Basics of Brain CT Scan

The first secret is that we describe CT scan findings as ‘densities’,of which there are three common easily identifiable ones tolearn. ‘In general the higher the density the whiter the appearanceon the CT scan and the lower the density the darker theappearance on the brain CT scan.’ The reference density (the one you compare with) is the brain, usually the largest componentinside the skull. Anything of the same density as the brain is called ISODENSE, and it is characterised by a dull greyish white appearance.Thus the brain is the reference density. Anything of higher density (whiter) than the brain is called HYPERDENSE, and the skull is the best example of a hyperdense structure that is seen in a normal brain CT scan. The skull is easily identified as the thick complete white ring surrounding the brain.
Similarly, anything of lower density (darker tone) than brain is described as HYPODENSE. The  cerebrospinal fluid (CSF) is the typical example of a hypodense structure in the brain CT scan (Fig. below). Air is also hypodense and surrounds the regular outline of the skull in CT, just as the air surrounds the head in life. Between the pitch formless blackness of air and the greyish white appearance of the brain, the cerebrospinal fluid presents a faint granular hypodense appearance, which may vary slightly but is identified by its usual locations. You will come to realise later that ‘appreciating the usual locations of CSF is the key to understanding brain pathology on CT scan’ (Igbaseimokumo 2005). We will come back to this idea later, but for now suffice it to say that the skull is highly whitish in appearance (Fig.below) and is clearly identified as an oval white ring surrounding the brain. The brain is greyish white, and the CSF is dark and faintly granular on close inspection (but not as dark as air) and has specific normal locations.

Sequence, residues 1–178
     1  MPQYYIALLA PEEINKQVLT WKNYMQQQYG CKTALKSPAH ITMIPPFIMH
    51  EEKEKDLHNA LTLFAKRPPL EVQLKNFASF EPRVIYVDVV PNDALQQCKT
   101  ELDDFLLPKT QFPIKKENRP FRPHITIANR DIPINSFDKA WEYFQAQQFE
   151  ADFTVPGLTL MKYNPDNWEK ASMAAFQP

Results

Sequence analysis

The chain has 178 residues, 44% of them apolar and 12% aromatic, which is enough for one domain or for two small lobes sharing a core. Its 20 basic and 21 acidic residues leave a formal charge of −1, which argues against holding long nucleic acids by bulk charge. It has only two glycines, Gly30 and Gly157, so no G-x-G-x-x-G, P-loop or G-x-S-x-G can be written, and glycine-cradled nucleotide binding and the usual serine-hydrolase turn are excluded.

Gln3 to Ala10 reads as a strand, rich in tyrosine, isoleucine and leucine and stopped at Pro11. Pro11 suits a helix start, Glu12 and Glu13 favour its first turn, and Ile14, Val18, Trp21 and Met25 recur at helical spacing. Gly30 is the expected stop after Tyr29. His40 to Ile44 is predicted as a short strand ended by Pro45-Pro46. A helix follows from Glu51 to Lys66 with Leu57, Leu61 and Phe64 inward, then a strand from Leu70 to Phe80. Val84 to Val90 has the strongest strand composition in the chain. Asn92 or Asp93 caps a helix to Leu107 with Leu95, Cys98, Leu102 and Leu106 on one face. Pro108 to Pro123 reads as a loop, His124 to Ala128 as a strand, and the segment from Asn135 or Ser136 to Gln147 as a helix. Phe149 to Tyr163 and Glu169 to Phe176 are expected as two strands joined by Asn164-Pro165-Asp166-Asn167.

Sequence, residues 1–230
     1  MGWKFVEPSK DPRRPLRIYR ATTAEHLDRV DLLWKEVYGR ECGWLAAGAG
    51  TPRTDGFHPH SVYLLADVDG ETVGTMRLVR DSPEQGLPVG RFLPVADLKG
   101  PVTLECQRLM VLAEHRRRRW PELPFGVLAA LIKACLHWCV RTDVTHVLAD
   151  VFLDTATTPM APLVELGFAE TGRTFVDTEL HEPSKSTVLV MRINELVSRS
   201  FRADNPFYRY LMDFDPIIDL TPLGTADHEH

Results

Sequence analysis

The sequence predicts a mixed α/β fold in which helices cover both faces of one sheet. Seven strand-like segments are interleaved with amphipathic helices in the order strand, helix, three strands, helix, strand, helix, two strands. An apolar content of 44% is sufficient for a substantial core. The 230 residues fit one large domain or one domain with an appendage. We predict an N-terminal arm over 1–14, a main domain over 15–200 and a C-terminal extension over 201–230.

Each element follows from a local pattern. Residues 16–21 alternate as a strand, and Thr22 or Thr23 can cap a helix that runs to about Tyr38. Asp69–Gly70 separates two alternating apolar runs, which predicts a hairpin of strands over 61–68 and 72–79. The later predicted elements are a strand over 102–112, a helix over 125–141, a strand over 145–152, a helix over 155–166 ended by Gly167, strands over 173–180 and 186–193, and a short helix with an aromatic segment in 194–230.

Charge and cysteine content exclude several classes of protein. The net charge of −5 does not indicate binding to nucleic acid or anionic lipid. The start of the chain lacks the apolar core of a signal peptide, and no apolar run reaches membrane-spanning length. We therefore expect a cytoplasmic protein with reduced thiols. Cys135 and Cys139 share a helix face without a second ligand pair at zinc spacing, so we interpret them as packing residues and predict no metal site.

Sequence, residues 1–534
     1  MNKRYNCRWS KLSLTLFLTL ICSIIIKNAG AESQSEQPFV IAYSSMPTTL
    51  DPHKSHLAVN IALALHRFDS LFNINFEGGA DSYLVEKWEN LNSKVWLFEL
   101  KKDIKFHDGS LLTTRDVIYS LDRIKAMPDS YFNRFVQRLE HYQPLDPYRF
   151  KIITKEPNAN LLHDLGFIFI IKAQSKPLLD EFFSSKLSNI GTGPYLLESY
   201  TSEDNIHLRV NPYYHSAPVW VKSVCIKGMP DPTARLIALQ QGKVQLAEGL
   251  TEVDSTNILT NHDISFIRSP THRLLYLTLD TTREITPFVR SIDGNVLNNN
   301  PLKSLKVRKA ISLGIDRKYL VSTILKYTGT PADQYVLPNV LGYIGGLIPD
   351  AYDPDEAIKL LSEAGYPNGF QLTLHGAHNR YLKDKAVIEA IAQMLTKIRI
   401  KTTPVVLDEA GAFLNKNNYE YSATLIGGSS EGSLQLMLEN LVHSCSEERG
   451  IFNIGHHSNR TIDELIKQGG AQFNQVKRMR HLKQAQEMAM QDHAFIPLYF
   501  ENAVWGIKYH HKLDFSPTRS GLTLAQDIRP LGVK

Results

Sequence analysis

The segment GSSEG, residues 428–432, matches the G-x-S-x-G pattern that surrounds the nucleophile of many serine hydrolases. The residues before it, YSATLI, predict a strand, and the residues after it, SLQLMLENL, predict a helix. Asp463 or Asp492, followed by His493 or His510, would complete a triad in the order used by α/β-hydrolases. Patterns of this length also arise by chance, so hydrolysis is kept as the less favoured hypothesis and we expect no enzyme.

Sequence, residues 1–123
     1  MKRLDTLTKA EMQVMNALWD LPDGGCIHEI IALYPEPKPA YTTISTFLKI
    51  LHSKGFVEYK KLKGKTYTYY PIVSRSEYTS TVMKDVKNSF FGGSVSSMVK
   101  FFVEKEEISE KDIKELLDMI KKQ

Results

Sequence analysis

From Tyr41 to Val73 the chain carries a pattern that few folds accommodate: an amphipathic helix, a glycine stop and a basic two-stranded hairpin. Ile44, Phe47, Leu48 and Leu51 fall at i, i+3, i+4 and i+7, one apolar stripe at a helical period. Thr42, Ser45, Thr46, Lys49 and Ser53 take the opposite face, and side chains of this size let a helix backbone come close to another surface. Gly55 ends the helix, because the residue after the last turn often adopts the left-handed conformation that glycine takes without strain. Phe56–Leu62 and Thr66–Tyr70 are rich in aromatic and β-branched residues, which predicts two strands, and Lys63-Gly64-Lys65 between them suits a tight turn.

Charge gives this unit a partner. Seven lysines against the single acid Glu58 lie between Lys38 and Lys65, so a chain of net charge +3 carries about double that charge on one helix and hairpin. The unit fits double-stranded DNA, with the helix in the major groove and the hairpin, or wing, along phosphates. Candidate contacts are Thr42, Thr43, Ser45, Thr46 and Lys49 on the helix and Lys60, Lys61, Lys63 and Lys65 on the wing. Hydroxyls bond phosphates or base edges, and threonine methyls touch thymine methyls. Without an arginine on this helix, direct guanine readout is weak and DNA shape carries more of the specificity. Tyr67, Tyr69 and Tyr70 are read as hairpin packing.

The different densities of CT scan.
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